Brava Meryl!

While I’m still annoyed that Meryl was denied an Oscar for her remarkable portrayal of Julia Child in “Julie & Julia,” I’m glad that she finally triumphed last night for the “Iron Lady.”   Her acceptance speech was pitch perfect.  She is the best actress of our time, and, in a fair world, should have half a dozen statuettes, at least.  For now, let’s raise a glass to her:

Meryl Streep takes third career Oscar

By Ronald Grover | Reuters 

LOS ANGELES (Reuters) – Meryl Streep, who holds the record with 17 for the most Academy Award nominations by any actor, won the Oscar for best lead actress on Sunday for her portrayal of formerBritish Prime Minister Margaret Thatcher in “The Iron Lady.”

It was Streep’s third Academy Award, but her first since winning the Oscar for “Sophie’s Choice” in 1982. She was also honored for the 1979 film “Kramer vs. Kramer,” and had long been considered overdue for another Academy Award.

Accepting her award, Streep sounded less like a winning actress than a star who had just received a lifetime achievement award.

“I really understand that I’ll never be up here again,” she said in an emotional speech in which she congratulated Roy Helland, her hair stylist for 37 years and who shared this year’s Oscar for makeup with Mark Coulier for “The Iron Lady.”

“I look out there and I see my life before my eyes,” said Streep, addressing an audience packed with the biggest names in the movie industry .

“When they called my name,” said Streep. “I had the feeling I could hear half of America going, ‘oh, no. Come on.'”

Streep, 62, is widely regarded as the best living movie actress, and most critics said she turned in her best performance ever as Thatcher.

She won her first Oscar at the age of 30 for “Kramer vs. Kramer,” her fourth feature, according to the movie website IMDB.

“I was a kid when I received the first nomination,” she said in comments to reporters backstage. “Two of the nominees (tonight) weren’t even conceived.”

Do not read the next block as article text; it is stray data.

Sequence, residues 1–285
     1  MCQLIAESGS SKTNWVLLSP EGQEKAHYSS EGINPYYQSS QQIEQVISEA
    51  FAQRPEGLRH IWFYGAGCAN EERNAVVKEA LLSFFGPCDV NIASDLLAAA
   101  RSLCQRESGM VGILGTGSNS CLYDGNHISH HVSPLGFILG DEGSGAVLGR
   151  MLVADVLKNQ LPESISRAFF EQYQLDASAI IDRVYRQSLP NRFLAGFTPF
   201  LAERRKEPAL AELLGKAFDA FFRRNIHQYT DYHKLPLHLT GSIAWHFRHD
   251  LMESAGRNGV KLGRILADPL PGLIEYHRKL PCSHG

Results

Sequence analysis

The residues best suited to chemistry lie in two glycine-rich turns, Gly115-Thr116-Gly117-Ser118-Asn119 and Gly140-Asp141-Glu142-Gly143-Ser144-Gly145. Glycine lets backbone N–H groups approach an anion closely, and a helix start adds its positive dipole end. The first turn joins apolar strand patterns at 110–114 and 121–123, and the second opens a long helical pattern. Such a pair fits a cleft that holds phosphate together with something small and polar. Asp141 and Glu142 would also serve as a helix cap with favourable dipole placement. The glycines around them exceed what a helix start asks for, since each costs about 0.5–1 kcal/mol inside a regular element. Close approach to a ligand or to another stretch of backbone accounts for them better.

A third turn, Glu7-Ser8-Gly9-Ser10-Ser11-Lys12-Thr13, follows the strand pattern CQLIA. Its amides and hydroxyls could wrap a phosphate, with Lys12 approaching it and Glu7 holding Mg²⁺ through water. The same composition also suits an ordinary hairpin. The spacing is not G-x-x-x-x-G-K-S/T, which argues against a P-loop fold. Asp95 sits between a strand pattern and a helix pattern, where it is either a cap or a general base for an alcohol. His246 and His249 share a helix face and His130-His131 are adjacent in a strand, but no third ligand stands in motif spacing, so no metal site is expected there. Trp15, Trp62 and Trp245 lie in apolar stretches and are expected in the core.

In “The Iron Lady,” she plays the feisty British leader both as a woman at the height of her powers in the 1980s, and as an old and lonely woman suffering from dementia in the present day.
Streep first appeared on screen in 1977 in “Julia” after having honed her craft at the Yale School of Drama and on stage.

She quickly became known for the depth and breadth of her characterizations, and for her gift with accents such as the Polish Holocaust survivor she played in “Sophie’s Choice”.

Dozens of other movies followed, ranging from romantic fare like “Out of Africa” and “The Bridges of Madison County” to biographical movies such as “Silkwood“, and dramas like “Doubt” and the HBO television series “Angels in America” for which Streep won an Emmy.

She was presented the Oscar by Colin Firth, who won a statue for best actor last year for “The King’s Speech” and who starred with Streep in the 2008 film “Mamma Mia!

“Mamma Mia,” joked Colin Firth. “We were in Greece, I was gay, I probably fathered her daughter.”

In 2006, Streep changed direction to comedy, playing a ferocious fashion boss in “The Devil Wears Prada” and then camping it up in her first musical “Mamma Mia!”.

She followed up with a dead-on impersonation of TV cook Julia Child in “Julie & Julia” and showed her flair for romantic comedy with “It’s Complicated” opposite Alec Baldwin.

“You are unreasonably good,” Firth said to Streep in his introduction before announcing the name of the winner.” “Whatever role you play you raise the bar, making it a little more difficult for the rest of us.”